ROOSEVELT — People hear the rumors about meth. Justin Hunt is determined to show them the reality.

Hunt is the independent filmmaker behind the feature-length documentary "American Meth," which he's currently touring around the western United States. The movie will be shown free to the public Tuesday and Wednesday in Roosevelt and then Vernal.

A reporter for an NBC affiliate in New Mexico for eight years, Hunt launched his own production company four years ago. One of his early projects was the movie "Meth Monster," which explored meth use in San Juan County, N.M. When someone suggested the focus of "Meth Monster" was too narrow, the inspiration for "American Meth" was born.

"I got challenged by a friend to try and do something to change people on a larger scale, and this is what I chose to do," Hunt said during a recent telephone interview.

"American Meth" is two movies in one. The first part of the film documents efforts by communities across the West to combat meth. Hunt travels from Oregon to New Mexico meeting people who are addicts and those who are trying to help them. He even stopped briefly last summer in Vernal, where a teenage girl explained that using meth was a way to deal with the boredom of living in small-town Utah.

"It's not a metro drug, it's a rural drug, and it's taking over these communities one little town at a time," Hunt said, citing statistics that show that 82 percent of people who use meth will be addicted to the drug until they die.

For the second part of the documentary narrated by Val Kilmer, Hunt introduces his audience to James and Holly. Hunt spent several days on two separate occasions living with and filming the twenty-something couple as they struggled to stay off meth. He also filmed their four children fending for themselves. The children all suffer from developmental delays because of Holly's drug use during her pregnancies.

"You really get a taste of what that lifestyle is like," Hunt said. "To me, the time with James and Holly is the application to the rumor. You see that they are real people, not just mythological creatures. They're real people dealing with real problems. They live next door to you."

Hunt initially wanted to spend some time filming an active user, capturing their ticks, paranoia and other meth-associated behaviors. But instead of capturing the "freak show," Hunt said, he chose to focus on the possibility that there is hope for those addicted to meth.

"By the end of the film, you're pulling for James and Holly to do well," he said. "It's utterly fascinating and frightening at the same time. As much as you don't like them because they're meth addicts who have kids, you care about them because they're humans who have children."

Hunt said he talked to a lot of meth addicts during the shooting of the movie, and many of the people who come out to see the film are active drug users or those trying to break the addiction. He doesn't know what draws them to the theaters, but he knows how to spot those who have used the drug.

"It's really in their eyes," he said. "I really think that's how you spot a meth addict, because they carry a shame about them that other people don't carry. It doesn't matter what their background is, it doesn't matter where they come from — if they're in that world, you can see it by looking them in the eye."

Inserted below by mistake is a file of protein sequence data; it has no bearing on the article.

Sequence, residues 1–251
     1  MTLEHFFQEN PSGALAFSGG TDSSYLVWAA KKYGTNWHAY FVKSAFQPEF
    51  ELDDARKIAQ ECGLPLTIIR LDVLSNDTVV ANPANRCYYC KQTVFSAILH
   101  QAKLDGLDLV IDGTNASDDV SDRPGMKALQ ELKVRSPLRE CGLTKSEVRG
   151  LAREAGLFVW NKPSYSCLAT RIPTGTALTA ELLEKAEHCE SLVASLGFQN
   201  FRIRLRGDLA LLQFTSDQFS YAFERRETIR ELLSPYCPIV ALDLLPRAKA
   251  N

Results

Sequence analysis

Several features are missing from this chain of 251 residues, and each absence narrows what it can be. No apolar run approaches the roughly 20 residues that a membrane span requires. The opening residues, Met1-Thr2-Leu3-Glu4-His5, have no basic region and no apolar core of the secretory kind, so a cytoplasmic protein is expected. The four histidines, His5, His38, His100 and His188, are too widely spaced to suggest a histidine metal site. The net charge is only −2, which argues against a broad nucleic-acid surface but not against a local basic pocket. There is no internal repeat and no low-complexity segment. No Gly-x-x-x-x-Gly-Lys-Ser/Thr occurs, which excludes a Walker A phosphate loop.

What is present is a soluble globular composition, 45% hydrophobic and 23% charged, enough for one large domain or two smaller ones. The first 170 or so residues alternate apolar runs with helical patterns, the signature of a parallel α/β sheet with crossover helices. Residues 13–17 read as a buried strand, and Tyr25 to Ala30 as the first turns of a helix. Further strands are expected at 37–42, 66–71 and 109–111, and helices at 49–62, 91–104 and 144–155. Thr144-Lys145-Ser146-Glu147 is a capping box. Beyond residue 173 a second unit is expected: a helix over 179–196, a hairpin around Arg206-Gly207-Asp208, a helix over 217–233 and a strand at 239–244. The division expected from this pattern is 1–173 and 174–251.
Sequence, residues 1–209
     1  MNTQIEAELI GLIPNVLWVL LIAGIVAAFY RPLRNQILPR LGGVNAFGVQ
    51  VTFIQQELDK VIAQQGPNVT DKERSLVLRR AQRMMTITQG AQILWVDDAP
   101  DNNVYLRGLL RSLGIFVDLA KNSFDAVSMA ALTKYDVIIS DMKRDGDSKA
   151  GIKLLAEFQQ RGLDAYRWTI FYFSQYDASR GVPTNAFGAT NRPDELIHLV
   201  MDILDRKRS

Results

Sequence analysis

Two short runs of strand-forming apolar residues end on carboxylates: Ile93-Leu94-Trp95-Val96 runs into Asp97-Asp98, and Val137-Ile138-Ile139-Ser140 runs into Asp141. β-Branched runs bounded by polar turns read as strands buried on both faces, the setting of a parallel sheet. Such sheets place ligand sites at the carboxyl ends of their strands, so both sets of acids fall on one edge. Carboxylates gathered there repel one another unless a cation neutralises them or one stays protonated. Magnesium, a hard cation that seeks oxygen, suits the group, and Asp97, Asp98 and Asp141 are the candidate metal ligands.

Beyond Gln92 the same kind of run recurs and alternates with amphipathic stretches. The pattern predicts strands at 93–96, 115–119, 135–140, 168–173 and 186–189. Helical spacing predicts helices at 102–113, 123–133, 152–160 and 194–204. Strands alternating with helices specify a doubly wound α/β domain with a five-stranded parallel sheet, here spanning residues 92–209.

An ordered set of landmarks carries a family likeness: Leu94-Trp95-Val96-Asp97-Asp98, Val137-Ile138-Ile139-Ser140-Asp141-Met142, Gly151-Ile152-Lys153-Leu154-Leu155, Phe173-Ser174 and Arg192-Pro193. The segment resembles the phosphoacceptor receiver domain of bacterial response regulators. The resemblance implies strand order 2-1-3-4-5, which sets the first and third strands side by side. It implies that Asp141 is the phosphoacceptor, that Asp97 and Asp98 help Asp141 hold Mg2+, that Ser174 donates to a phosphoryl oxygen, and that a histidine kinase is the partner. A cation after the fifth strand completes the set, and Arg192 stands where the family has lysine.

Hunt said the shame is the result of using a drug that takes people "to a place that we're not meant to go."

"I've talked to people who have been off of it for 10 years, and they're still scared to death of it," Hunt said. "Yes, they're recovering, but I don't think they ever truly recover. I don't want people to think recovery is impossible — it's not."

Jeff Freestone, an OSHA-approved safety instructor at the Uintah Basin Applied Technology College, is responsible for Hunt's trip to the Uintah Basin. Freestone said he first became aware of the prevalence of meth in the region when he attended a conference sponsored by the Vernal Police Department in May 2006.

"Once I recognized that there was a significant meth problem in Vernal, that got me going to teach a meth class in Vernal," he said.

Freestone said he frequently has students who talk about their experiences with meth. He said he was talking with his sister in New Mexico about what he was hearing in the classroom, and she suggested he contact Hunt.

"She said his approach is unique and different, and you should get to know him," Freestone said.

After a meeting over coffee, Hunt agreed to bring "American Meth" to Vernal. A second showing was later arranged for Roosevelt.

The Roosevelt show is 7 p.m. Tuesday in the Roosevelt Junior High School auditorium. The Vernal show is 4 p.m. Wednesday at the Cinema 5 Theaters, 1400 W. Highway 40. Both shows are sponsored by the college and are free to the public.

Hunt said he doesn't get much immediate reaction from people who watch his movie, which isn't visually graphic but does contain language that might be offensive. He said it normally takes a few days before comments start trickling in by e-mail or on his MySpace site. Many of those comments focus not on the language in the film or on its brutal realism but on the desire to combat meth.

"There's this patriotic sense in every American, and I really believe that to a certain degree, we'll put up with something until we get pissed off, and then we'll do something about," Hunt said. "I think we're finally reaching that point with meth.

"That's the difference, I think, with 'American Meth,'" he added. "People leave the theater with an ambition to do something, and they may not even know what that something is, but they want to do something, and it does create hope."